Five Underrated Earworms by Vishal Bhardwaj , Film Companion

Vishal Bhardwaj is a composer first and a filmmaker later. His career has already spanned more than three decades, starting with a song in Yaar Kasam (1985), when his tune was repurposed by composer Usha Khanna, to the two songs he has composed for Darlings, the new Netflix film starring Alia Bhatt. His body of work, largely with Gulzar as lyricist, is a vital part of recent Hindi film music history, comprising everything from monstrous hits like ‘Beedi Jalaile’ (from Omkara, 2006, which he directed) to left-of-the-field rock numbers like his compositions for Anurag Kashyap’s unreleased Paanch.

On that note and his birthday, here’s a list of five lesser-heard songs composed by Bharadwaj.

1. Baadalon Se, Satya (1998)

As a composer, Bhardwaj has always had a feel for romantic songs, and it’s evident in the way he’d keep things rather simple. Set to scenes of a shy Urmila Matondkar being romanced by an even more shy JD Chakravarthy from Ram Gopal Varma’s gangster film, the song is like an oasis of relief in the harshness of Bombay. For the track Bhardwaj got Bhupinder Singh back to into the public consciousness after a long hiatus, whose classy yet casual distinctive style calls back to a certain sensibility one associates with a number of Gulzar-RD Burman gems (‘Do Deewane Sheher Mein’, ‘Ek Akela Is Sheher Mein’, ‘Dil Dhundta Hai’). While the bluesy, guitar driven arrangement adds to the song’s lightness of touch, it’s Gulzar’s expression—and the way Bhupinder sings it—that sums up the core essence of being hopelessly in love: “Yeh mujhe kya ho gaya (What has happened to me).” 

2. Jab Bhi Cigarette, No Smoking (2007)

Composers who also sing have that little edge over those who don’t when it comes to identifying the right singer for the song. They seem to have a third eye— or ear —for the finer aspects of a voice: The grains, the imperfections. Adnan Sami’s casting in this smoke-hazed club number from Anurag Kashyap’s doomed, surrealist film is all that, and more; a potent combination of cool, jazzy smoothness and rough texture. Sami’s voice is thick and heavy, just like a seasoned smoker’s, mouthing those doomed lines (by who else but Gulzar): “Jab bhi cigarette jalti hai, main jalta hoon. (Every time a cigarette burns, I burn).”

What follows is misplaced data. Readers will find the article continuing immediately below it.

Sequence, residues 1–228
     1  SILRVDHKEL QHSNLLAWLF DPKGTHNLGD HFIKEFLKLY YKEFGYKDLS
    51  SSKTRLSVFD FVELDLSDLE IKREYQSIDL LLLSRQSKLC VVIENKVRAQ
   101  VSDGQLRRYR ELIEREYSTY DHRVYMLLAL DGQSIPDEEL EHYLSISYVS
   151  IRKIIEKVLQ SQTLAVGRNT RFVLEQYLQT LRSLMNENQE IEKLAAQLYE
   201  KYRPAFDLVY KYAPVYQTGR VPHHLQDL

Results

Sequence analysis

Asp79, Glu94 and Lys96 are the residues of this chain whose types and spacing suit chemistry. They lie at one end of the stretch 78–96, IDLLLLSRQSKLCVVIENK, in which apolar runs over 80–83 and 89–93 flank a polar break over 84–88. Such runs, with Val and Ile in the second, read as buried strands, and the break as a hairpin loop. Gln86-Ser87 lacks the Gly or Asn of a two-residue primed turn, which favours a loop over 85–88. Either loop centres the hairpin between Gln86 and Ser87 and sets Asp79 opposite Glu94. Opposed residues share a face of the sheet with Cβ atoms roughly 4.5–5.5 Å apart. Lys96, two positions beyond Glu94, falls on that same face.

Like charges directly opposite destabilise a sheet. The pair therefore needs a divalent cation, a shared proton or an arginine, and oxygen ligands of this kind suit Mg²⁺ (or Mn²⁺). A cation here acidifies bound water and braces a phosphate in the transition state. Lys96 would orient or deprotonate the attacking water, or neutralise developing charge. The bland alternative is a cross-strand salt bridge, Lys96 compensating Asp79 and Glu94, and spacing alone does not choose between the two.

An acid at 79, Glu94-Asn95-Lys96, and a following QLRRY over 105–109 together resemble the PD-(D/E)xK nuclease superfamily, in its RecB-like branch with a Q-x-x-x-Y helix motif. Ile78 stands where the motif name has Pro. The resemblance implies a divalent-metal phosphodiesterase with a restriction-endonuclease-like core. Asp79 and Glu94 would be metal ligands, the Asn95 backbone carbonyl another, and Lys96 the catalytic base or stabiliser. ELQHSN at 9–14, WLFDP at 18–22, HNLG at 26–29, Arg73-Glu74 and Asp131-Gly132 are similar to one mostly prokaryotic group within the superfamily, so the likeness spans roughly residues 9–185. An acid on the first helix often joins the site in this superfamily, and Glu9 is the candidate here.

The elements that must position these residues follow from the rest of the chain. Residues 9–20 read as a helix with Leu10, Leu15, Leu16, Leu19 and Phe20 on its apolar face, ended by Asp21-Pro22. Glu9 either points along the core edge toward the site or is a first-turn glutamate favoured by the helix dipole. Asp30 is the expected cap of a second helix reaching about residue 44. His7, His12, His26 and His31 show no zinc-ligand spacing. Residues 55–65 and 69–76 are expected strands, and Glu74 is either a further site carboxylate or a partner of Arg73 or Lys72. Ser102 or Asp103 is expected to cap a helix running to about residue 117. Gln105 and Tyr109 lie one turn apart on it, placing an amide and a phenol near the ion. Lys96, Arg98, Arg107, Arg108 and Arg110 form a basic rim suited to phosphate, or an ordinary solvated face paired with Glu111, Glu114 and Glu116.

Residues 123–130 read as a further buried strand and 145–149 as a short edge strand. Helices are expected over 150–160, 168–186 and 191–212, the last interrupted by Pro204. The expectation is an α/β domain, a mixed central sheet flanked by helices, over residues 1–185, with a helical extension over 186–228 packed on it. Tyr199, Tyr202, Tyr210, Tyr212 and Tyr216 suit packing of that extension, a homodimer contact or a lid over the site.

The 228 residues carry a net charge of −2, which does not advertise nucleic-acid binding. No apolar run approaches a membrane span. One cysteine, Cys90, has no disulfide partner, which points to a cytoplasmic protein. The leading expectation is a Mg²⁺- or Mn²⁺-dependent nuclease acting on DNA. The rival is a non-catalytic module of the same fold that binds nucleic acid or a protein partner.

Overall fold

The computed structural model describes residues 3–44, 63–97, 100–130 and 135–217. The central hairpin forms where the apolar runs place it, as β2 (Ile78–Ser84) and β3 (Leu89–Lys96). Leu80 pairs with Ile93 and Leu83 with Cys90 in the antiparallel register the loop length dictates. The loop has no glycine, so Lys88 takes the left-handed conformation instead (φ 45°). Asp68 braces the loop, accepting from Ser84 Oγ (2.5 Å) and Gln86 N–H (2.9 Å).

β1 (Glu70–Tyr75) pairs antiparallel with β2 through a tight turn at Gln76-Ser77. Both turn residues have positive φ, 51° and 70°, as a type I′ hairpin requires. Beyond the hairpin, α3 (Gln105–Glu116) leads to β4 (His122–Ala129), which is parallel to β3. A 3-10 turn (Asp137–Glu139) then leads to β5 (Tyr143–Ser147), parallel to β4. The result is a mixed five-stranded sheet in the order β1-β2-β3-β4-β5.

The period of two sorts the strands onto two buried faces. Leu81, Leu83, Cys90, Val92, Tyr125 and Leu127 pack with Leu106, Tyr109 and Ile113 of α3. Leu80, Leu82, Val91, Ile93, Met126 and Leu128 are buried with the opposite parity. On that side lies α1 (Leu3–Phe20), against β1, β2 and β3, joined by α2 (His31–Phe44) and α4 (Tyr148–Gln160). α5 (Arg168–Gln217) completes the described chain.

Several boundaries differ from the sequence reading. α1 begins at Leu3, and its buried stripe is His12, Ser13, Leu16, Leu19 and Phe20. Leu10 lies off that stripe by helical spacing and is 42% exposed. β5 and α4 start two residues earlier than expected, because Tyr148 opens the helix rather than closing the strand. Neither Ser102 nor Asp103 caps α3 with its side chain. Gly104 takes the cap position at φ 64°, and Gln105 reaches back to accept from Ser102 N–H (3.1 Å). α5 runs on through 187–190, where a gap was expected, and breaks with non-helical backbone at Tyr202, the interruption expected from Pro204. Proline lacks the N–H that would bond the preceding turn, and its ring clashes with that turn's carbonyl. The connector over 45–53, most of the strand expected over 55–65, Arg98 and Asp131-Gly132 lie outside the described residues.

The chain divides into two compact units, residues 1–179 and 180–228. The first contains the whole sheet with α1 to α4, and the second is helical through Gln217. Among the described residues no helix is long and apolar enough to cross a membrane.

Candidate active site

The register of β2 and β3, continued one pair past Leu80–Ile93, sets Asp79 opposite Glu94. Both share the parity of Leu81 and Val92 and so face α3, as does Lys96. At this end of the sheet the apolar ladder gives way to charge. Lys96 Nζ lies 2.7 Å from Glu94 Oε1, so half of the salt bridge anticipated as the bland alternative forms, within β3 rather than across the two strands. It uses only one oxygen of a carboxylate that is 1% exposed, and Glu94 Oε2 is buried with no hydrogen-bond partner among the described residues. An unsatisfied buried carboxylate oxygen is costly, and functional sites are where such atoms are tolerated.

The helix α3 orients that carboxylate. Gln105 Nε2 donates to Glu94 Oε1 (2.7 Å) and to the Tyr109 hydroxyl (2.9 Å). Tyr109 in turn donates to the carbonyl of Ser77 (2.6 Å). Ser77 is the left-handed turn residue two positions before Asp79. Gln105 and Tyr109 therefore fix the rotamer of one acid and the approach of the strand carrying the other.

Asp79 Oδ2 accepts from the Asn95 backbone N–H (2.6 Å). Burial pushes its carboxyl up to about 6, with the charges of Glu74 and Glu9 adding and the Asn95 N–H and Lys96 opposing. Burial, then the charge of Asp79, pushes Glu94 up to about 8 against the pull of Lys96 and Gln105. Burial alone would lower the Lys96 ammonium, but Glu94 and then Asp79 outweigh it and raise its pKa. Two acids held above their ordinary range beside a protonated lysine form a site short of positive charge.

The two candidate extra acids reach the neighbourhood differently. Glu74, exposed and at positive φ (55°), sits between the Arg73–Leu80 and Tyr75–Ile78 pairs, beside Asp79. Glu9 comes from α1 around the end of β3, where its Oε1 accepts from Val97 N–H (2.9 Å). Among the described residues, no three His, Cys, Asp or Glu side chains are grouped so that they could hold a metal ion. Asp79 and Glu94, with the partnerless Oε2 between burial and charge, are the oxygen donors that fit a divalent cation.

3. Ab Mujhe Koi, Ishqiya (2010)

The ghazal of the Eighties, when the genre made a comeback in a modern form, was a big influence on Bhardwaj’s formative years when he was studying in Delhi University. It makes a comeback here too, in Abhishek Chaubey’s directorial debut, on which Bhardwaj was the composer. Rekha Bhardwaj’s singing has an elegance that accentuates the song’s ghazal-like elements. It’s a beautifully arranged song, with warm, rich guitars by Hitesh Sonik and Clinton Cerejo who are credited as the producers. The moody lead interlude is the kind of passage you are more likely to find in a Coke Studio session, with a live musician being allowed to go on his own reverie, rather than in a Hindi film song, where they generally act as fillers between verses.

4. Sapna Re Sapna, Ek Thi Daayan (2013)

One of the unique gifts of the Vishal Bhardwaj-Gulzar collaborations has been their legacy of children’s songs (‘Jungle Jungle Baat Chali Hai’, ‘Chupdi Chachi’, ‘O Papad Wale Panga Na Le’). You loved them as children, you can see the genius as adults. ‘Sapna Re Sapna’ from Ek Thi Daayan (2013) reimagines the lullaby, sung from the perspective of an orphan boy. The song soothes you, like a lullaby should, but it also has a haunting quality that extends the subject of the film: This is a story of a little boy, his younger sister, and their father, whose lives will be destroyed by a witch. Sung with an aching vulnerability by child artiste Padmanabh Gaikwad, who sounds like how Bhardwaj might’ve sounded as a child, the song is full of childlike imagery, with the lyrics at one point talking about turning clouds into a bear (‘Bhoore bhoore baadalon ke bhaalu, Loriyaan sunaaye lara ra ru’).

5. Tippa, Rangoon (2017)

A magical mystery tour from the Bhardwaj-Gulzar universe, it’s an example of how the latter’s words powers the former’s music. This is the central thought of the lyrics: Drown into a drop of water on a blade of grass, and you will see the wonders of the universe. (Tagore wrote something similar for Satyajit Ray when he was a child, and I wonder, given the poet’s influence on Gulzar, if it was a homage). As if following suit, ‘Tippa’ fixates on the sound of one word—‘tap’, and goes onto build a joyous number with a kaleidoscopic sense of awe. Filled with wordplay and phrases that bears Gulzar’s signature (‘Tupur tupur naach re nupur paayi, Googly jhinak jhaayi…’), the song has a rhythmic progression that mimics a train in motion, picturised on a dance troupe on its way to perform in wartime Burma.

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